People ask me the meaning of the term f.o.b. more than anything else. Many people do not even know what it stands for.

I was recently at a prominent shipper in the Northeast U.S. and a high-level purchasing person actually called it “fob,” rhyming with “bob.” At that moment, I knew I needed to explain how this often-misused term actually is defined.

You should know that f.o.b. stands for “free on board” and indicates the price for goods including delivery at the seller’s expense to a specified point. In the purchasing world, f.o.b. is also used with an identified physical location to determine the responsibility for the payment of the freight charges and the point at which title for the shipment passes from the seller to the buyer.

In other words, f.o.b. is a purchasing term that is used between suppliers or customers. Every vendor and customer should have the F.O.B. requirements specified.

Here’s how F.O.B. terms are used. This identifies who’s paying for the freight and who owns it at which point. The terms are used in four ways in a purchasing agreement.

1. F.o.b. origin, freight collect: The “origin” part means that the buyer assumes title of the goods the moment the freight carrier picks up and signs the bill of lading at the origin pickup location. The buyer also assumes risk of transportation and therefore responsible for filing claims in the case of loss or damage. “Freight collect” means the buyer is responsible for the freight charges.

2. F.o.b. origin, freight prepaid: “Origin” refers to the same as above but the “freight prepaid” part means the seller is responsible for the freight charges.

3. F.o.b. destination, freight collect: “Destination” means seller retains title and control of the goods until they are delivered. The seller selects the carrier and is responsible for the risk of transportation and filing claims in case of loss or damage. The “freight collect” part means the buyer is responsible for the freight charges.

4. F.o.b. destination, freight prepaid: In this case, “destination” means the same as above and “freight prepaid” means the seller is responsible for the freight charges.

Now you may wonder how this affects your company.

It can affect you in some serious ways if you are not careful. I was recently with a distributor who receives a lot of freight from various vendors. He has a policy on his dock to tell his receiving staff that if an order has the slightest sign of damage to refuse the order. He does not want to file a claim or deal with the process of ordering replacement parts for potential damages. So he just tells his people to refuse the shipment at the receiving dock.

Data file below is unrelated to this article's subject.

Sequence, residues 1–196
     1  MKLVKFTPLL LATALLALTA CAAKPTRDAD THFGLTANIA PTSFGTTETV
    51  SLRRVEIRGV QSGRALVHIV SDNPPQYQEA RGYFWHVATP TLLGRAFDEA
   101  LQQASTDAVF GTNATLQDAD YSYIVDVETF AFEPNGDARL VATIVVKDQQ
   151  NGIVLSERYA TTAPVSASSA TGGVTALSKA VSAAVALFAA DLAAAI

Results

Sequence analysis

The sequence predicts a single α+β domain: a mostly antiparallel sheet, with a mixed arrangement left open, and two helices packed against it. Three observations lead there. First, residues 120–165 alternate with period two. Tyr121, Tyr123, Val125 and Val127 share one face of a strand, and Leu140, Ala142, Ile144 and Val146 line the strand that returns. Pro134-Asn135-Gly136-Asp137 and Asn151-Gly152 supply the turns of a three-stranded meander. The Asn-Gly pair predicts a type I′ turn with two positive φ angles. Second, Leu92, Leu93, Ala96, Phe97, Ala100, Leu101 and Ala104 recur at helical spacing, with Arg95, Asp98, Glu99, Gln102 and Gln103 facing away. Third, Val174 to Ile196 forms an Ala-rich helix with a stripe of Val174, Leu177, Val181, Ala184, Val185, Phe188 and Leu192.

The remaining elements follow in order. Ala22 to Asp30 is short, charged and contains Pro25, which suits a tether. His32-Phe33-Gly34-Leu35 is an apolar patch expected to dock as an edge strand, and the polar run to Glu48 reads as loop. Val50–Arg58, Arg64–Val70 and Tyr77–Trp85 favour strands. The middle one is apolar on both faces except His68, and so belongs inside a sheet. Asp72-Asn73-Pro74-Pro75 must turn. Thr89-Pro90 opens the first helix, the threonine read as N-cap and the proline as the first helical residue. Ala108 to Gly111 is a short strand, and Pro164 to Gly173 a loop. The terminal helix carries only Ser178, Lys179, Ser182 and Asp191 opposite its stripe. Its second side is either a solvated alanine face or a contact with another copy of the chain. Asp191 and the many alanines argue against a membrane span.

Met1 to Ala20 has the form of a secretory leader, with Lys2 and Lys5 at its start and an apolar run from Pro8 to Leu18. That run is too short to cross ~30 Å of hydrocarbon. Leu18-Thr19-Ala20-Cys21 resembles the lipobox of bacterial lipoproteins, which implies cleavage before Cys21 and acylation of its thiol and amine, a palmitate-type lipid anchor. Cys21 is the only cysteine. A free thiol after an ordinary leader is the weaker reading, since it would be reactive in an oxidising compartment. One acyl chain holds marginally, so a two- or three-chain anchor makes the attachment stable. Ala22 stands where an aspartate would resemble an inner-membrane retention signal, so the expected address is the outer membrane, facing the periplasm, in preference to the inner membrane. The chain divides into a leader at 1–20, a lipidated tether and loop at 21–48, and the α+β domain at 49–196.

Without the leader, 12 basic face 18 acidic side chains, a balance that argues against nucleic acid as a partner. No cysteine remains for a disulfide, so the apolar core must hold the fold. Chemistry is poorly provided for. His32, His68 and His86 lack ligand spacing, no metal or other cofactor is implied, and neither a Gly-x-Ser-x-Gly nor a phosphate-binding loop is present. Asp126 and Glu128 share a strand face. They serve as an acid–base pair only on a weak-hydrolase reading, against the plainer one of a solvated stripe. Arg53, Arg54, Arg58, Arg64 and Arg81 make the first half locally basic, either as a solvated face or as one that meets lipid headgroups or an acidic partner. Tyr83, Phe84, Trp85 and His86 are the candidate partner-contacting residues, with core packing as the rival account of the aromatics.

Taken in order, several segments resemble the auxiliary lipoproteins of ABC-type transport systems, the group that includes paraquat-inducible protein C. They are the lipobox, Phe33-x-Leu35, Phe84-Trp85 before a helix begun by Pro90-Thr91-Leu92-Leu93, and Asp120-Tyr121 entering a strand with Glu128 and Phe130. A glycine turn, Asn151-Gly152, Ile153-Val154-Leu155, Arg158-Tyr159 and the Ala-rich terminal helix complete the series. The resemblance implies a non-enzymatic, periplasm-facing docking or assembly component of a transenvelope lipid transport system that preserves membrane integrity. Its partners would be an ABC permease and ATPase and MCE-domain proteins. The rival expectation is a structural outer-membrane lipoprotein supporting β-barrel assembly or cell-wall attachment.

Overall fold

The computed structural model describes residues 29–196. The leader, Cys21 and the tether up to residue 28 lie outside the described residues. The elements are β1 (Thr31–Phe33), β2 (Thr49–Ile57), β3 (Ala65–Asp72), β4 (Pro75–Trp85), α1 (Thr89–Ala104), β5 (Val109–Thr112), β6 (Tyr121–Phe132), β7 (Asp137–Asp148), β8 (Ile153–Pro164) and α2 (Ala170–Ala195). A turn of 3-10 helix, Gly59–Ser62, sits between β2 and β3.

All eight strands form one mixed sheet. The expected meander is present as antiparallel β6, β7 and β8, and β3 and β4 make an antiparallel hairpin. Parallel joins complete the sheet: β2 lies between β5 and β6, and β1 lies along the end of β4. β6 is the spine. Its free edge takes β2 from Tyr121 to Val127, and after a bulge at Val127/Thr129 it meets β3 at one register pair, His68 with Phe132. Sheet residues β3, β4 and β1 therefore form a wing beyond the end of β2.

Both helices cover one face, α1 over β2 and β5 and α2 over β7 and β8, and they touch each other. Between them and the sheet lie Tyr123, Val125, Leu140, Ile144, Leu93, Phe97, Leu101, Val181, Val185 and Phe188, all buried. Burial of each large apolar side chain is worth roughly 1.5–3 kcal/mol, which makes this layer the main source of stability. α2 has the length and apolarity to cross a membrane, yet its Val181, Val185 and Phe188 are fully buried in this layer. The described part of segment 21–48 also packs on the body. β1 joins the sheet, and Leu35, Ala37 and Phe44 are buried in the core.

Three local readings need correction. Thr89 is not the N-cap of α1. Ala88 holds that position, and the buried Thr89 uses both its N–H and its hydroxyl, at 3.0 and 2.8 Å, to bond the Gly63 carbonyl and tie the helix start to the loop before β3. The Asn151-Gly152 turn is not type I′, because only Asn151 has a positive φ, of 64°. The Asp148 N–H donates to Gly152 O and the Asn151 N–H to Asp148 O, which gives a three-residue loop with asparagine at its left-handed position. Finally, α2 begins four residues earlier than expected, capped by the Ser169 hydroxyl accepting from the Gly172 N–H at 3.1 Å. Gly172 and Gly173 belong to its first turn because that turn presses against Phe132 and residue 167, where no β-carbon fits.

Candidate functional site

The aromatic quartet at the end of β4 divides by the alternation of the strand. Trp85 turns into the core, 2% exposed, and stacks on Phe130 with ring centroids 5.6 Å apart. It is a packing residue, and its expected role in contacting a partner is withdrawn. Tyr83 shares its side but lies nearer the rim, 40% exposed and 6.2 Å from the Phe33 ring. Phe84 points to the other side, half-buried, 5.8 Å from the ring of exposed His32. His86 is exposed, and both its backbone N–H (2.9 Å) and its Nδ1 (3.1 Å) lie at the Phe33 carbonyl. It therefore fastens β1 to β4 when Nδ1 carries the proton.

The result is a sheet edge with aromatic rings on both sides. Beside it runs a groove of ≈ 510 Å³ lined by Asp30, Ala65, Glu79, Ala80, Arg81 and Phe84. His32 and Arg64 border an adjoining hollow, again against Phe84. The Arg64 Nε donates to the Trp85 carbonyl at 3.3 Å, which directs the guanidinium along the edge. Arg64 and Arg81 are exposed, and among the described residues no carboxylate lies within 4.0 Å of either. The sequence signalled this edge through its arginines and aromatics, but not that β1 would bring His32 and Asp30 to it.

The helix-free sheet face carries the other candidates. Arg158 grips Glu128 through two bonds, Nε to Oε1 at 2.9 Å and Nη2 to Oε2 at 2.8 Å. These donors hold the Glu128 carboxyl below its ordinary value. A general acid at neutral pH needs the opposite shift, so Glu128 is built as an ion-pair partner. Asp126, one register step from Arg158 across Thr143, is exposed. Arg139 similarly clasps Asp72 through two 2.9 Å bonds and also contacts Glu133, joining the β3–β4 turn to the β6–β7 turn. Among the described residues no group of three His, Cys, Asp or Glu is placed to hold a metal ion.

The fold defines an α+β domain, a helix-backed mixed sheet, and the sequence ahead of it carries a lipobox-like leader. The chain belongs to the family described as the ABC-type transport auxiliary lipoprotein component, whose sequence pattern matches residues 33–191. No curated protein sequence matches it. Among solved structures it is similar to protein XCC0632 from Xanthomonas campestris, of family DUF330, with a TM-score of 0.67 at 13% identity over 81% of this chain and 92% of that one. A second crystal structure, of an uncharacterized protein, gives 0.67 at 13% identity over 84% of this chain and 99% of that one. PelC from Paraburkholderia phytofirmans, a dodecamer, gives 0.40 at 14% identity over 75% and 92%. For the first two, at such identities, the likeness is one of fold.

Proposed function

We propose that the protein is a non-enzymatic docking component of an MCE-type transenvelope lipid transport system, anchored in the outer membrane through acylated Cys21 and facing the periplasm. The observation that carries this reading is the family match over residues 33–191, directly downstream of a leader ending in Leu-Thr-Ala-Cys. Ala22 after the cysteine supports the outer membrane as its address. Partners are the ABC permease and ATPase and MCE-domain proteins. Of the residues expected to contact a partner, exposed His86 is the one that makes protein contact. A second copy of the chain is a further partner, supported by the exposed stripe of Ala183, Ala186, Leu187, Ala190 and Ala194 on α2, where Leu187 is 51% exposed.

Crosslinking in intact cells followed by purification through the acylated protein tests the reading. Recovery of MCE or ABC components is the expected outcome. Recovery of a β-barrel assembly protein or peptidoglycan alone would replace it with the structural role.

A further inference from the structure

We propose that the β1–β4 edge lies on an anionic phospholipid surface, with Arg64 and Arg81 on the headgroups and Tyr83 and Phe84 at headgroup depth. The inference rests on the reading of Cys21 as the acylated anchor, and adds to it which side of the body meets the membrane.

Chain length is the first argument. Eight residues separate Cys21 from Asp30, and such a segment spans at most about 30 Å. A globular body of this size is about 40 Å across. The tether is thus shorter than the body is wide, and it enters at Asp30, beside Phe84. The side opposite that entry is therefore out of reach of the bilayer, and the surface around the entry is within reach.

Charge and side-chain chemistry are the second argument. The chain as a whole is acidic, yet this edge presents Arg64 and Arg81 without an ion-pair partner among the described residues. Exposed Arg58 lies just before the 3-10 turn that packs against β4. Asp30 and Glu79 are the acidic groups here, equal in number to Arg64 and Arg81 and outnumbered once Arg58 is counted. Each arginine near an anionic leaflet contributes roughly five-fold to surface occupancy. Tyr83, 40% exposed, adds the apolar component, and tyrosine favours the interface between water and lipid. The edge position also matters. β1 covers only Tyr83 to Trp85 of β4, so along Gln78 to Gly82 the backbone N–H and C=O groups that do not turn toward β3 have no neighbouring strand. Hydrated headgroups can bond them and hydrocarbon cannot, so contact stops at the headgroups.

Concerned about what this distributor was liable for, the first thing I wanted to find out was what the f.o.b. terms are with his vendors. The vendor who he refused the most shipments from had the terms “F.o.b. origin, freight prepaid.” This meant that although his vendor was paying the freight, he owned the freight, and had responsibility of loss or damage as soon as the carrier picked it up. So by refusing the freight, he was returning something that he actually owned at this point.

There are a few reasons why this is it not smart to refuse a shipment when it is under these terms. First of all, in this case his vendor has no reason (besides being a nice guy) to accept those goods back. The distributor owned them as soon as the trucking company picks them up. So by returning a shipment, this distributor is just raising the risk for more possible damages by going through the carriers’ system back to the vendor.

Technically, when an order gets delivered back to a vendor, they could refuse it because they do not own it at that point.

Luckily for distributor, his vendor is very nice (maybe too nice). They except the returned items and file the claims on his behalf and are quick to replace orders. But they are just being nice and this distributor could get it shafted at some point if the vendor decides to be not nice.

In this case, the distributor should be accepting these partially damaged shipments (since they technically own them) and have an inspector come in to check them out. If there can be a replacement, the distributor should order the parts and have them replaced. All this should be covered by the carrier via a claim settlement.

The other option is to change the terms to “f.o.b. destination, freight prepaid.” That would allow the distributor to refuse the shipment because they do not own it until it is delivered properly.

The bottom line is that these terms should be paid attention to. There are a lot of suppliers and vendors that try to do the right thing by their customers, regardless what the freight terms are. But that doesn’t mean you should ignore what your terms are with your vendors and customers.

If you are a shipper, make sure the terms are the way you want them to be. You may want them to be “f.o.b. origin” so your customers own the goods when they leave your door. Or you may want to own them until they are delivered intact.

The same goes for companies who receive a lot of goods. Make sure the terms suit your needs.

George Muha is sales manager for Logistics Management Inc., a Chester, N.J.-based company that specializes in helping companies to reduce their freight cost. To contact Muha, call (908) 879-2978 or e-mail